JACKSONVILLE, Fla. - Rob Rowe, a 43-year-old entrepreneur who started his professional career as a butcher and went on to develop new business strategies and retail formats for a number of leading supermarket chains, is finally in business for himself.
In one fell swoop last year, he did what few, if any, single-supermarket entrepreneurs have ever dared do: He used his own capital and an asset-based loan to buy seven underperforming supermarkets from a chain anxious to exit an underperforming market.
A few months and many hundreds of thousands of remodeling dollars later, in August 2005, he reopened six of those stores under his own new banner, Rowe's Supermarkets. He sold the seventh store to a local developer, using the proceeds to supplement the investment in his new company.
Rowe, who has been in the supermarket industry for almost 25 years starting out as an 18-year-old in the meat department, progressed up the corporate ladder in a variety of management positions, ultimately finding himself functioning as a "turnaround" specialist for a number of chains including Winn-Dixie and Smith's Food & Drug Centers, where, as a member of their respective management teams, he helped develop alternative formats to broaden their marketing reach.
The work was hard, but rewarding enough that Rowe promised himself that one day he would do a turnaround job for "myself."
He was in the market looking for that opportunity, when through some old contacts he learned that Albertsons, disappointed with its market share in Jacksonville, Fla., was putting on the market all seven of its stores, averaging 55,000 square feet.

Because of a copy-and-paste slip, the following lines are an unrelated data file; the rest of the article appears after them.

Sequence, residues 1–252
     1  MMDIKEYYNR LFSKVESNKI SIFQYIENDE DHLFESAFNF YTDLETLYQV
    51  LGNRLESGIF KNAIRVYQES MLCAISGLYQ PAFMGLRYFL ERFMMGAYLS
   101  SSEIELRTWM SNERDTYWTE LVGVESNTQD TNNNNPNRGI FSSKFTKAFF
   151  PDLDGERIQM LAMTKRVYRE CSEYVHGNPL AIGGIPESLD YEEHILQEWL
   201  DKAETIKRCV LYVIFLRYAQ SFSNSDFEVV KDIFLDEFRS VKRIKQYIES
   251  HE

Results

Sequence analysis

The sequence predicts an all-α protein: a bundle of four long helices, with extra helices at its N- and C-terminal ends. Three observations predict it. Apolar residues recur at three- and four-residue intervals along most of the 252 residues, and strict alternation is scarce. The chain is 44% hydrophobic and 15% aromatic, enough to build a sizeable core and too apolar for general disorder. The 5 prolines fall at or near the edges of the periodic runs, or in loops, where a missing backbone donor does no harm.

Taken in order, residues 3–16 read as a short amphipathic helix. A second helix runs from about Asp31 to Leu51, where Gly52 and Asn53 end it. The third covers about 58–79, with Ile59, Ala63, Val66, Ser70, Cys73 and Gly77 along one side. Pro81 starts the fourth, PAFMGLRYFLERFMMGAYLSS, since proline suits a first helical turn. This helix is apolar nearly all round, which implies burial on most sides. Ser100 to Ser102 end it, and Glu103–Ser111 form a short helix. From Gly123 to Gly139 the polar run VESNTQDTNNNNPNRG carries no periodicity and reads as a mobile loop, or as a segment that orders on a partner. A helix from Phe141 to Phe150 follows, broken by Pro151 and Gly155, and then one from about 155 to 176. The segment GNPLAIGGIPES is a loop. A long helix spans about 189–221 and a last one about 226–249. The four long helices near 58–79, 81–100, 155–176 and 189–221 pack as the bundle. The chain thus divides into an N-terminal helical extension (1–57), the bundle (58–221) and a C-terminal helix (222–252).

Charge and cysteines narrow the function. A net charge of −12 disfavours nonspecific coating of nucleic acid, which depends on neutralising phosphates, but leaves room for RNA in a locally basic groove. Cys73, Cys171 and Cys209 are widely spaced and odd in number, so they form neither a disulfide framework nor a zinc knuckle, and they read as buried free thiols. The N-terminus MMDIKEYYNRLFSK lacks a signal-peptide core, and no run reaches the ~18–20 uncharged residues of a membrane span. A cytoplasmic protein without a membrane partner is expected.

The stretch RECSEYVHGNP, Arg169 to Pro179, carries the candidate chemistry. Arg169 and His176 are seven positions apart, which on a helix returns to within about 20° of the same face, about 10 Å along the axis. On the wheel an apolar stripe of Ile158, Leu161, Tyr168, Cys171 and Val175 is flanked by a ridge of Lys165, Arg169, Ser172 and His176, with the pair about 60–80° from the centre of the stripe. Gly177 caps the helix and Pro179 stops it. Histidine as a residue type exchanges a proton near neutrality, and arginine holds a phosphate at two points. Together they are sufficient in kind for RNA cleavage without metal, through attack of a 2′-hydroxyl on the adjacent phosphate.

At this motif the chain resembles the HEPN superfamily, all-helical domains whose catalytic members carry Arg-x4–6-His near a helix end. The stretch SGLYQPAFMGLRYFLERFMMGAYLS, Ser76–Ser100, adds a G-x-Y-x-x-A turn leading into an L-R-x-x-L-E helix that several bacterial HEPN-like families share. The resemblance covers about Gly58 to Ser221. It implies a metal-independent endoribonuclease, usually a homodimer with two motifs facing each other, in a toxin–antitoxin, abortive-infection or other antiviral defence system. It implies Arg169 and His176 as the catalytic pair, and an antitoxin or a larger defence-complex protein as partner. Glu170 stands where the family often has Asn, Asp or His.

The locations, the size and the fact that the supermarkets all had liquor stores attached were perfect for the format that Rowe had in mind, plus, he would not have to move - he lives in Jacksonville.
Rowe won't discuss the financing for the deal except to say he invested his own money and he secured an asset-based line of revolving credit. He also said the six stores are all doing well, and that, thanks to favorable press reports and strong word-of-mouth, he is happy with the way his sales and customer counts are growing.
To create a point of difference, Rowe has focused on two key marketing opportunities: Providing a broad assortment of high-quality brands and items in all his perishable departments and making sure that all his prices are the lowest in his area.
To keep expenses down, he is keeping his operation lean. His corporate office is a remodeled store manager's office in one of his six stores. He has a compact staff of talented veterans, all of whom pinch hit for each other whenever necessary.
"We all do at least three jobs," he said. "Our vice president of operations is also our vice president of human relations. I do some of the buying and we all dabble a little in everything. If someone comes in and the person they need to see isn't here, someone else pitches in to help out."
Rowe has also upgraded the chain's infrastructure.
"We're dedicated to having very effective automated systems and we're working diligently to have that," he said.
Rowe removed the stores' pharmacies to control expenses. Taking the pharmacies out also opened up the whole front of the store so as customers walk in, they can see the entire store, including the expanded produce department, fresh bakery, full-service meat and seafood department, deli, cheese shop, etc.